STEO: Iraqi unrest puts pressure on world oil

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Unrest in Iraq put upward pressure on world oil prices last month, helping North Sea Brent crude oil spot prices reach their highest daily level of the year at just over $115/barrel (bbl) on June 19. North Sea Brent crude oil spot prices increased from a monthly average of $110/bbl in May to $112/bbl in June. This was the 12th consecutive month in which the average Brent crude oil spot price ranged between $107/bbl and $112/bbl. EIA projects Brent crude oil prices to average $110/bbl in 2014 and $105/bbl in 2015, $2/bbl and $3/bbl higher than projected in last month's STEO, respectively. The West Texas Intermediate (WTI) crude oil price discount to Brent is expected to average $9/bbl and $10/bbl in 2014 and 2015, respectively.

click image to zoom During this year's April-through-September summer driving season, regular gasoline retail prices are forecast to average $3.66/gallon (gal), 8 cents higher than last year. Regular gasoline retail prices are projected to fall from an average of $3.68/gal during the second quarter to $3.64/gal during the third quarter as lower refinery margins more than offset higher crude oil prices. EIA expects regular gasoline retail prices to average $3.54/gal in 2014 and $3.45/gal in 2015, compared with $3.51/gal in 2013.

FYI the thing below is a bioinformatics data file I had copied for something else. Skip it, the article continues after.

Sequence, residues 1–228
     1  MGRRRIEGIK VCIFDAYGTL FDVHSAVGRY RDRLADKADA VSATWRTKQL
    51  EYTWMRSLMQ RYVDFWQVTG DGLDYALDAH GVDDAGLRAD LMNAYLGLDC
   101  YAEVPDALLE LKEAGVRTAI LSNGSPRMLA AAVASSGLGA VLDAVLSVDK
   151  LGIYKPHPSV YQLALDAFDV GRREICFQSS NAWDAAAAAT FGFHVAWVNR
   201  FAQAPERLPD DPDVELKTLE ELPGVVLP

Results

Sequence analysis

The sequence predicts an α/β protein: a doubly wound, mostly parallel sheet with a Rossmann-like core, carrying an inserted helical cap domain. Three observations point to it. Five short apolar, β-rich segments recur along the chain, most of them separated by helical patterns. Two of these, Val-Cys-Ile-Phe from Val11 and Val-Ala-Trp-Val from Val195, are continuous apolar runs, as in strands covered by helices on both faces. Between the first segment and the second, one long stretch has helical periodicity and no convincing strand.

U.S. total crude oil production, which averaged 7.4 million barrels per day (bbl/d) in 2013, is expected to average 8.5 million bbl/d in 2014 and 9.3 million bbl/d in 2015. The 2015 forecast represents the highest annual average level of oil production since 1972. Natural gas plant liquids production increases from an average of 2.6 million bbl/d in 2013 to 3.0 million bbl/d in 2015. The growth in domestic production has contributed to a significant decline in petroleum imports. The share of total U.S. liquid fuels consumption met by net imports fell from 60% in 2005 to an average of 33% in 2013. EIA expects the net import share to decline to 22% in 2015, which would be the lowest level since 1970.

Natural gas working inventories on June 27 totaled 1.93 trillion cubic feet (Tcf), 0.67 Tcf (26%) below the level at the same time a year ago and 0.79 Tcf (29%) below the previous five-year average (2009-13). Projected natural gas working inventories reach 3.43 Tcf at the end of October, 0.38 Tcf below the level at the same time last year. EIA expects that the Henry Hub natural gas spot price, which averaged $3.73 per million British thermal units (MMBtu) in 2013, will average $4.77/MMBtu in 2014 and $4.50/MMBtu in 2015.

 

 



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